Over the last several months we’ve been experimenting with GlobalHigherEd‘s Twitter service http://twitter.com/globalhighered. Uncertainty at first has morphed into considerable happiness with the nature of this communications medium. It is complimentary to the GlobalHigherEd weblog in that is serves as an archive of URLs (e.g., to key reports, news stories, etc.), and it reaches a very different different audience for the most part. It is also one of the least immersive of digital communications technologies which reduces hurdles to participating.
In addition, there is a fascinating conversation going on, at a range of levels, with the interlinked people and institutions we follow or are followed by. Insights can be gained about the modus operandi regarding select institutions that Twitter, arguments and counter-arguments can be put forward, and breaking news items can be put out. As the author William Gibson (in his Twitter service Great Dismal) puts it “Twitter is like little animated hieroglyphics in the margins of a working manuscript, offering obscurely breaking news.”
A case in point is the most recent of our ‘tweets’ today:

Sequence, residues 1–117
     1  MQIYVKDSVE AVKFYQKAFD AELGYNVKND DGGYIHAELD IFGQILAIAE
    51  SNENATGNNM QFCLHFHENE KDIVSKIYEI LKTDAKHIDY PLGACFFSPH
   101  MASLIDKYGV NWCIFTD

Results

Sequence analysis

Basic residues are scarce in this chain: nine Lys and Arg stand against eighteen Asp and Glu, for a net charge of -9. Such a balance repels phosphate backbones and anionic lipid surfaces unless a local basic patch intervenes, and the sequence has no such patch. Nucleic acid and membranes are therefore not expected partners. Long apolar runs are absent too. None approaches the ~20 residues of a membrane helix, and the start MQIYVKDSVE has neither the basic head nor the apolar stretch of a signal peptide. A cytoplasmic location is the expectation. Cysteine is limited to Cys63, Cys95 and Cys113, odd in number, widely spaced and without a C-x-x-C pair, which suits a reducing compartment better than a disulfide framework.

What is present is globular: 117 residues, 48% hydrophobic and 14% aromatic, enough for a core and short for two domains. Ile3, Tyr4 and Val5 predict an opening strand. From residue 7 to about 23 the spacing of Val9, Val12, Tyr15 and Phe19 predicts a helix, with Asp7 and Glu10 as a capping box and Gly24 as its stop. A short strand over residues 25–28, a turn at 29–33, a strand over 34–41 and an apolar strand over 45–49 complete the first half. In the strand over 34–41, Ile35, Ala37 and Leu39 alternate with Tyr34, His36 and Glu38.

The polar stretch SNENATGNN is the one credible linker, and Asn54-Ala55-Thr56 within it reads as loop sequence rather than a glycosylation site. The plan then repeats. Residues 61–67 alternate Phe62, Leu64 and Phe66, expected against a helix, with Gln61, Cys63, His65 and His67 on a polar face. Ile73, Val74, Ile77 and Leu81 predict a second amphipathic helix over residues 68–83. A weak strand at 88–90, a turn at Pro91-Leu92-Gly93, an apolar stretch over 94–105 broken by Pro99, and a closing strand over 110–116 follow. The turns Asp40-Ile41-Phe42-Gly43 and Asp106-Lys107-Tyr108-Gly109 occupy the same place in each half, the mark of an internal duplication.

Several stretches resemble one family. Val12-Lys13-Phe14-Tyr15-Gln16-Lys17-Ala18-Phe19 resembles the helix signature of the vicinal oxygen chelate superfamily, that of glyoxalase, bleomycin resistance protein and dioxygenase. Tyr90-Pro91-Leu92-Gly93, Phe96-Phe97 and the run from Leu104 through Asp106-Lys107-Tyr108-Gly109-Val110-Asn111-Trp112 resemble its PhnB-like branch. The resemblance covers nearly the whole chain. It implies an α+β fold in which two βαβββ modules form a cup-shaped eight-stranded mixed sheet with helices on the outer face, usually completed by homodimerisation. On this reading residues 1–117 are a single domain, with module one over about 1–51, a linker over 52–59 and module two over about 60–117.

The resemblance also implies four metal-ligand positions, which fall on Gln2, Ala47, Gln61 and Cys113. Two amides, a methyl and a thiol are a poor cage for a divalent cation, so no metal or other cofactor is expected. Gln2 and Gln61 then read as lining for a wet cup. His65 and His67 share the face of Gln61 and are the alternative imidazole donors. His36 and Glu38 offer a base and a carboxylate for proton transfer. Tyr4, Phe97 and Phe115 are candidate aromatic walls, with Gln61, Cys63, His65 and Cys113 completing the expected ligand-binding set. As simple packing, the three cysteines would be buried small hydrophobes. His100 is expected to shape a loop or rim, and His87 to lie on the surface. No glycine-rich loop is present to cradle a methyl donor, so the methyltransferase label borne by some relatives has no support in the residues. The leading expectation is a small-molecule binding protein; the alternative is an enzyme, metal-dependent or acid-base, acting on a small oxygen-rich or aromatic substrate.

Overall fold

- The University of Phoenix’s “virtual” (or Chicago-based) leaders and the associated costs: http://bit.ly/bxTXcw
My Google alerts system pulled in this fascinating story about the “virtual” nature of the University of Phoenix’s senior management, the significant financial costs entailed in permitting such a distanciated HQ managerial system to exist, and the city-regional disconnects generated when a Phoenix-based headquarters is largely run out of Chicago’s AT&T Corporate Center. Alas, given obligations to review term paper proposals, review papers, and engage with colleagues about a range of university matters, GlobalHigherEd‘s Twitter service http://twitter.com/globalhighered will have to do the job, at least for today.
Please ‘follow’ us should this service be of interest. If not, no worries as we’ll be maintaining the GlobalHigherEd weblog — indeed we’re working to develop a HubZero-style platform for our global higher education and research projects, and we hope to use this virtual platform to enhance the quality of GlobalHigherEd, both the weblog and the Twitter service.